As the dough cools, its texture resembles that of marzipan. Once it has completely cooled, cut it into 1–2 inch diamond shapes. They will keep up to 1 week if sealed in an airtight container.
Pecan Sandies, (reprinted with permission of the author) Perfect for Christmas!
Makes 2-3 dozen
1 1/2 cups pecans, toasted
1/3 cup confectioners’ sugar
1/3 cup light brown sugar
1 1/2 cups all-purpose flour
1/4 teaspoon salt
3/4 cup plus 2 tablespoons cold unsalted butter
1/2 teaspoon vanilla extract
About 30 pecan halves for decorating
Kitchen Note: the day I made these we had 100% humdity so my dough never got firm enough to even roll into a log and I ended up doing drop cookies instead. Turned out perfect.
Grind pecans and sugars together in a food processor until the nuts are finely ground. Add in the flour and salt and process until combined. Cut the butter into small pieces and scatter over the mixture in the food processor. Process until the mixture resembles coarse crumbs.
Add egg and vanilla and process until the dough comes together.
Turn dough out onto a piece of parchment paper or silicone baking mat. Roll out to about 1/4 in thick. Sprinkle the dough with a little flour if it gets too sticky.
Cover the dough with plastic wrap and chill in the refrigerator for about 1 hour or until firm.
When you are ready to bake the cookies, preheat the oven to 325°F. Line several cookie sheets with parchment paper or silicone baking mats. Using a cookie cutter, cut out cookies from the chilled dough, about 2 inches in diameter. Place a pecan half in the center of each cookie.
Bake for 18 to 20 minutes or until the edges of the cookies turn golden brown, rotating cookie sheets halfway through. Cool cookie sheets on wire racks for a couple of minutes before transferring cookies directly onto wire racks with a spatula to finish cooling.Store in an airtight container for up to 1 week.
I’d like to dedicate this post to another great lady, Bri who passed away last night. My sincere condolences to her husband and her family.
A post I was reading the other week prompted me to take out my grandmother’s china and silverware out of their cases and bring them to life for a little while. The time of a dessert, a picture or a post. The time of a memory I might give my mother about a certain time in her past. I know I’ll never be as creative as Pia in styling and setting the mood for the pieces I inherited but the moment was right to polish those spoons and dust off those cups.
I started to take pictures of the spoons on their own and although pretty, something was missing. I made some tea and hoped that the smell and relaxing atmosphere would inspire me a little. It was allright…not bad, there was still that little "je ne sais quoi" missing. I took a step back and tried to remember the last time I had seen my grandmother use those pieces. Had I? Ever? No, not really….So I tried to imagine grandma holding that cup of tea in one hand, swirling her sugar and lemon slice, spoon in the other. That’s when it hit me! Cake! The one thing missing was one of my grandmother’s tea cakes!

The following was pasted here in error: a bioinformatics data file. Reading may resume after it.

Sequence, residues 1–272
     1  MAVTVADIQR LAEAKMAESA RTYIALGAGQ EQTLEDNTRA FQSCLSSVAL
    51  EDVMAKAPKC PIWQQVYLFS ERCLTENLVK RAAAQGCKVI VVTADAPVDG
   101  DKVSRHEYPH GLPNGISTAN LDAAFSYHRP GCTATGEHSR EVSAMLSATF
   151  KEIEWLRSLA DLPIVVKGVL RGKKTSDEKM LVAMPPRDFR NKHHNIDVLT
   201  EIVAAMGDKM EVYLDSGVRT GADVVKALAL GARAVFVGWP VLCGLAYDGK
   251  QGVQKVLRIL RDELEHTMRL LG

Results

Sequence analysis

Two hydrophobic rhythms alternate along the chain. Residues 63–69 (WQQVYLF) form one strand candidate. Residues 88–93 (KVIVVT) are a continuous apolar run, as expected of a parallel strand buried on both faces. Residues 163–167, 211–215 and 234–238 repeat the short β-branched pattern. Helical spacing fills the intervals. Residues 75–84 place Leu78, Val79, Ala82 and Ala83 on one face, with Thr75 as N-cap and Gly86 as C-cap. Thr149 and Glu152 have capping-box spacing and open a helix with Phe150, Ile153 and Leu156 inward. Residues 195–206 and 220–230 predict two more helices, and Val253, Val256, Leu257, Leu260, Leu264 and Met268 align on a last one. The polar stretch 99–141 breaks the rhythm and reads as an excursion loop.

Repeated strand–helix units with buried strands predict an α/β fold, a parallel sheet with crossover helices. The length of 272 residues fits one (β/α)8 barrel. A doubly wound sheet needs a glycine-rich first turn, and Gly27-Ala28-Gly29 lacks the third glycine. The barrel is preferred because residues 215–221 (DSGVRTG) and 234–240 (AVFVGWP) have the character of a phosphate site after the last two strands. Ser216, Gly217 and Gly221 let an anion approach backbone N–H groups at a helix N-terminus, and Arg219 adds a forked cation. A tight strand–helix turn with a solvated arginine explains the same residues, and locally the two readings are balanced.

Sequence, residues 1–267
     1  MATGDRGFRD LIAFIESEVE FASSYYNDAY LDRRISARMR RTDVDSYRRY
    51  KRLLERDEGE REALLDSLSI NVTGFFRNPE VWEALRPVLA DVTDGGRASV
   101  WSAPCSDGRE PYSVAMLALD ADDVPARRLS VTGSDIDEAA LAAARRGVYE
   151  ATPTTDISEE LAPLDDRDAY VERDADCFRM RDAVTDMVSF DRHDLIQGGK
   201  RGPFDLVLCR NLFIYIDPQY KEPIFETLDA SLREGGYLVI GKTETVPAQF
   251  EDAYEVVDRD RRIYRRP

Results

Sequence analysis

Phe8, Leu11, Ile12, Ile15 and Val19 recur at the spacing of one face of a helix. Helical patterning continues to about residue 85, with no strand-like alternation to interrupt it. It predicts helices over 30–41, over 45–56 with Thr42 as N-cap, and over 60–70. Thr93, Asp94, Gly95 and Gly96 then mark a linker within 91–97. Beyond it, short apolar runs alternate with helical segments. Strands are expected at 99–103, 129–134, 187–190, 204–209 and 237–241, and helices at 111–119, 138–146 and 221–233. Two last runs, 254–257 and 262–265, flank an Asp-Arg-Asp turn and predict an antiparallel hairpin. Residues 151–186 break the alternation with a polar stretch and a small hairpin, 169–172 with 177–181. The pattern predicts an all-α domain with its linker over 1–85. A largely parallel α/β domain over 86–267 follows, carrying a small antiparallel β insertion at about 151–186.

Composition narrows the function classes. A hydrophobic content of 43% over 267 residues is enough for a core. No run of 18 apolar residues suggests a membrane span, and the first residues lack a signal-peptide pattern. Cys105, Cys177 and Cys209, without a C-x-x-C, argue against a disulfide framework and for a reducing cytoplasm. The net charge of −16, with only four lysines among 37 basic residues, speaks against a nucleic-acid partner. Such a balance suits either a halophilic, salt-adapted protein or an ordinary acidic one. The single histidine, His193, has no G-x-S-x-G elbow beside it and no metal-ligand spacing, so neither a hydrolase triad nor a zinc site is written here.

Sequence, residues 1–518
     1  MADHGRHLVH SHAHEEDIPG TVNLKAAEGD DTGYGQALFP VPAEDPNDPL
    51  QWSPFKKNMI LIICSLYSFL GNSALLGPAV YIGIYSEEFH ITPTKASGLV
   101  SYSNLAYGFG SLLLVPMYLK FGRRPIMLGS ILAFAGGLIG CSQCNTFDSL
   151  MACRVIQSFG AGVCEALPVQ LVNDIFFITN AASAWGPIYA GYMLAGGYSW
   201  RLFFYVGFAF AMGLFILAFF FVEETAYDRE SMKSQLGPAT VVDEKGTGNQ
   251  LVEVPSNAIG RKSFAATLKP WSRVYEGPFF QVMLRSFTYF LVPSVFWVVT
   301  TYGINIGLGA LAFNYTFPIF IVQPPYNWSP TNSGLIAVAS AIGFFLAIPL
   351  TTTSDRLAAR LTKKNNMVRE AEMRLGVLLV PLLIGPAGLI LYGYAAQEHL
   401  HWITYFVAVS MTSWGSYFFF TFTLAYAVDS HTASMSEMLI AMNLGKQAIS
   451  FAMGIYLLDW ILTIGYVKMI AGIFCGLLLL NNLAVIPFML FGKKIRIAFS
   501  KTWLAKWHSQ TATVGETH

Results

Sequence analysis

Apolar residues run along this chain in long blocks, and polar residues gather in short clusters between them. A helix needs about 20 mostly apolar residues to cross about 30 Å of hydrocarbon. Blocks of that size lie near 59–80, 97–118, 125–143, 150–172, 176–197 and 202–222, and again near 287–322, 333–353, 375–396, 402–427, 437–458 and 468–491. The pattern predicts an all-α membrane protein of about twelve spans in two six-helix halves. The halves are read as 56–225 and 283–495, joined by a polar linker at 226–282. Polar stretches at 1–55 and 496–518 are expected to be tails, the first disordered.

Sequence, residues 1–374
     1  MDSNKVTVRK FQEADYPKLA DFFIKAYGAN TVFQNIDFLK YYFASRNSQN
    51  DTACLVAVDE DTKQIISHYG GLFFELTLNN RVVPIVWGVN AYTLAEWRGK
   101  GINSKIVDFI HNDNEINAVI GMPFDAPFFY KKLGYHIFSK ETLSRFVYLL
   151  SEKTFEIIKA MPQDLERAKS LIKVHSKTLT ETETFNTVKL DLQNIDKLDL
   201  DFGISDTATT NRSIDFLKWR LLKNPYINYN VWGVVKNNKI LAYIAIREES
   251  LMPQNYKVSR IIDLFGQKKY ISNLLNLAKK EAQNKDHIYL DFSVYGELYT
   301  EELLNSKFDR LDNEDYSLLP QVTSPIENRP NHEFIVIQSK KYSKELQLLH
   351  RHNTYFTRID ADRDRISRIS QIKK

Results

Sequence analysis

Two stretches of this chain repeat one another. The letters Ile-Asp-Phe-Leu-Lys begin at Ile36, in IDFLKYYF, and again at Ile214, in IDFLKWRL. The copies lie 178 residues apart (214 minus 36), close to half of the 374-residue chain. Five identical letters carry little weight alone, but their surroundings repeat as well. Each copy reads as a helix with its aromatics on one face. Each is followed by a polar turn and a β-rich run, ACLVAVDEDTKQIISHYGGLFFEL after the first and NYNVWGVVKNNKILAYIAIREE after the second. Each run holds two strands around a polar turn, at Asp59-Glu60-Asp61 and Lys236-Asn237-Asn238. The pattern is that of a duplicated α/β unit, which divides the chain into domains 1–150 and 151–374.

I cannot remember a day without going to her house for a 4 o’clock cup of tea and a slice of cake! There was never a shortage of pretty china and silverware, although I strongly suspect she had secretively put these cups and spoons away for me. Yes, they are just things….and they fell on my lap pretty much the same way they did on hers: they were all handed down from many women before me. If they weren’t in our family, well eh, no big deal. But they are, and they are old, and they speak a little bit of my past and the women in the family every time I take them out, to me it is a big deal. I find it magical that every time I look at them, I can’t wait for 4 o’clock to come around so I can make myself a cup of tea and have some cake.
I started to think about the cake that would reflect the mood around grandma’s table at tea time. Tense! Really! It seems like we were always planning some kind of event, party, celebration, vacation..something. It was also very warm and playful. Mamie Paulette was indeed a study in contradictions. Tense, but with a great sense of humor and a joyous personality. Those little pear and pecan cakes with their little skirt of roasted pear slices are just that. They are a little tense if you don’t bake often but they do not require major scientific knowledge (we all know I would not be baking them if they did!), no intricate technique (nothing wrong with that, just short on time these days!), or special ingredients (nothing wrong here either, grandma just happened to love pears). They also tend to look like roses….like the ones on grandma’s little spoons.